Key songs show this, as they function at the level of Buzzfeed listicles or editorials. The repeated conclusion is: this is messed up, what ae we going to do about it? Apparently just sit in our rooms. But then this is paired with attempts at deep interiority, as if the work was a deconstruction of self. Recognising limitations and making art about yourself, and your flaws, can be transcendent and important. This, however, reeks less of art and more of artifice. There is yet another game we are supposed to play, that is believing that Burnham is enclosed, is isolated – is locked down – and we are supposed to link his claustrophobic reality to ourselves. It also is supposed to reflect his mental state, one of compression. But the work cannot commit to this, it wants to be everything all the time. It can’t interrogate the self without popping away to an editing gimmick or to a novelty song, and then feels the need to get topical. Its inability to deal with actual themes and ideas of import would not matter if it did not feel the need to constantly reference them. To watch Inside is to watch Bo Burnham run down a corridor opening all the doors, going into none of them but vaguely describing the problems in each one. He will tell you one room is on fire, but he won’t do anything about it – and then will comment on not doing anything about it.

The central annoyance is the fakery, though. When people have been actually isolated and locked down, to see this pantomime of that is crass. Bo Burnham has set up an outhouse to look like a depressingly meagre living situation. Where some are stuck in spaces like this, and worse, he cosplays this reality – presenting a privilege as a burden. Burnham could leave, the pantomime could end and though, fundamentally, the space is more metaphor than anything – it is supposed to represent a symbolic isolation – it still feels far too charged. The words of Pulp’s Common People echo, unfairly, through my head: ‘if you called your dad he could stop it all’. And while this is a reductive criticism, it is rooted in truth. This is not a work of raw honesty, it is a work of performance – much like Make Happy (a previous stand-up special). While that criticised and actually dug into how performativity is used to mask insecurity, and how artifice is used deceptively, this backs away. There is even a song in Inside about how his material used to be inappropriate – how he is problematic. This is true, his early specials are full of homophobic slurs used under the guise of irony – and even have ‘ironic’ racist rhetoric at points. He’s moved beyond this, that’s fine. But the song doesn’t actually mention these specific transgressions. It instead gives one example – a deeply removed one – gives it a caveat and treats it as a universal symbol for his wrongs (he gives enough, and dilutes it enough, so that the audience will still love him even during a self critique). Even in interrogating his past self, Burnham will not engage in specific or reality – it is never not just a gesture. It all rings false, or just performed, and nothing in it justifies this. Mati Diop’s In My Room is a much more sincere and artful take on isolation, and it is a short. And it is a clothing advert.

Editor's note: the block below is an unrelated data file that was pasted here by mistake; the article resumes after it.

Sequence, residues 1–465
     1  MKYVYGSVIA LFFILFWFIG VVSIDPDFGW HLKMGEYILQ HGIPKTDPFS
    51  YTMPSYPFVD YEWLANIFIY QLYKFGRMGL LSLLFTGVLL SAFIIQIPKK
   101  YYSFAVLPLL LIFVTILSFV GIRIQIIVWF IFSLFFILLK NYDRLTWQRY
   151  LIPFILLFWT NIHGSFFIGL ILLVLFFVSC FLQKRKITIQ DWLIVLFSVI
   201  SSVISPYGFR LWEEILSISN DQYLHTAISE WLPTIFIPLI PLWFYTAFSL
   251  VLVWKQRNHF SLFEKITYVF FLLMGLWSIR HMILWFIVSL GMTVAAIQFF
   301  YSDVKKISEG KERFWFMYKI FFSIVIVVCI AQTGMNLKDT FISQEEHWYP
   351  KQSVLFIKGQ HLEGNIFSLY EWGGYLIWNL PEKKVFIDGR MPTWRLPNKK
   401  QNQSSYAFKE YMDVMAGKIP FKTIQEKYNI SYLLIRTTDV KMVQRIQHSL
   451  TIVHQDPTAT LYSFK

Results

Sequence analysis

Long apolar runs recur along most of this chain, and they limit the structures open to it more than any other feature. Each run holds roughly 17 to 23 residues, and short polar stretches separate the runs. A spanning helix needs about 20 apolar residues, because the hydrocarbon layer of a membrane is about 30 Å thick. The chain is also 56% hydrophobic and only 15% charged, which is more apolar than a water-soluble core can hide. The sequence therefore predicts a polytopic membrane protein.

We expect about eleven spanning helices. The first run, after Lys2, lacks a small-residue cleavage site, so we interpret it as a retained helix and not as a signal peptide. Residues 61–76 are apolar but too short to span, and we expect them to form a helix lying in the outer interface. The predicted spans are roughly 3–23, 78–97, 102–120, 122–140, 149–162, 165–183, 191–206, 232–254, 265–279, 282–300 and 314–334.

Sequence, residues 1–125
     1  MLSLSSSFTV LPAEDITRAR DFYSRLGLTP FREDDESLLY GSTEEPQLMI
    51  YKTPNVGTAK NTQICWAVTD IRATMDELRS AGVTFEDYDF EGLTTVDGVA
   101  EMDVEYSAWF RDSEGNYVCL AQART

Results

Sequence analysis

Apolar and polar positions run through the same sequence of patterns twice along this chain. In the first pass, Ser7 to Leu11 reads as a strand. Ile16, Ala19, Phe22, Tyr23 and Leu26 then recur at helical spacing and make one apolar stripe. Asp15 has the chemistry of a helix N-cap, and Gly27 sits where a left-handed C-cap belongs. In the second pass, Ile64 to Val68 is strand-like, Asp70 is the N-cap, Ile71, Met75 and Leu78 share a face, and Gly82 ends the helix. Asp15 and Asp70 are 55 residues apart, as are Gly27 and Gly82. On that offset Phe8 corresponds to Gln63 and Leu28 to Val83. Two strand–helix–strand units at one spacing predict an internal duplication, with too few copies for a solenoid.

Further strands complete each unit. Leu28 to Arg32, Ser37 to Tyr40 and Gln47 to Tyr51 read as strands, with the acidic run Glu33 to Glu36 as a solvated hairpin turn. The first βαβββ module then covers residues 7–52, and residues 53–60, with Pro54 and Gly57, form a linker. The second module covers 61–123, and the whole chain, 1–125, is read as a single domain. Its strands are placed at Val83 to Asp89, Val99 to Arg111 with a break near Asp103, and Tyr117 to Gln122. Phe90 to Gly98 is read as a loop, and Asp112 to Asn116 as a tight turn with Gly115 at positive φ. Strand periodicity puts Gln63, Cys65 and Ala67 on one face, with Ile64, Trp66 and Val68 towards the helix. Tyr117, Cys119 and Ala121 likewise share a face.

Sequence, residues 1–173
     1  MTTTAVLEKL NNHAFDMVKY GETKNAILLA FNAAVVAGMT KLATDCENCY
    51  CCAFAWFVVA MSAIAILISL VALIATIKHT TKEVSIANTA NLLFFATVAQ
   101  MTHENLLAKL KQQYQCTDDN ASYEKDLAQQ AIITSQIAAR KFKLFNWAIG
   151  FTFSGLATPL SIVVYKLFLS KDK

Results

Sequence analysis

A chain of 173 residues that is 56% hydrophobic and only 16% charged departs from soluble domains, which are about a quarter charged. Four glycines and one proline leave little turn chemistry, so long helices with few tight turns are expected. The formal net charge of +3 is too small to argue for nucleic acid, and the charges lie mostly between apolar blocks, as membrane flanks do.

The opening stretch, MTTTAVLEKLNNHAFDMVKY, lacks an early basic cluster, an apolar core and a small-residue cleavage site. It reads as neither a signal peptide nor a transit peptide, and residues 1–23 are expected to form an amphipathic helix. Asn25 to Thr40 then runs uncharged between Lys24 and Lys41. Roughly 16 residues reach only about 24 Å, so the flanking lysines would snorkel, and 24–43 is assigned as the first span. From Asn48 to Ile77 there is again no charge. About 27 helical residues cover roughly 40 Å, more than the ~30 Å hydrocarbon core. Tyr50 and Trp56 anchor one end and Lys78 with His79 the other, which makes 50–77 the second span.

Inside is everything all of the time. It is a work in which Bo Burnham does a fake Twitch Stream in which he controls himself as if he is a player character. The game is called Inside. There is already a game called Inside. But this does not matter. This is not about the external world. This is a narcissistic work in which everything is boiled down to a singular lens as it presents an uncomfortable sense of universality, through vague references and overt self centering. It is all a sequence of presenting a specific self as default, it is an onanisitc pursuit in which social commentary is mixed with self-interrogation in a way that presents one self as the only perspective worth presenting. Where Eighth Grade knew what lens to use to view its content from, this overwhelms its content with the wrong lens. In the end, watching Bo Burnham’s Inside is like attending a palm reading or a fortune teller, in which vagueness and shallow observations are used to present a facade of insight. He sees me. He hears me. He knows me. But it is all him first with little else to see outside of that. And, this wouldn’t matter – in fact it could all be of genuine worth – if it didn’t seem so deeply artificial. When you bet all of your money on insularity, you have to make it seem real.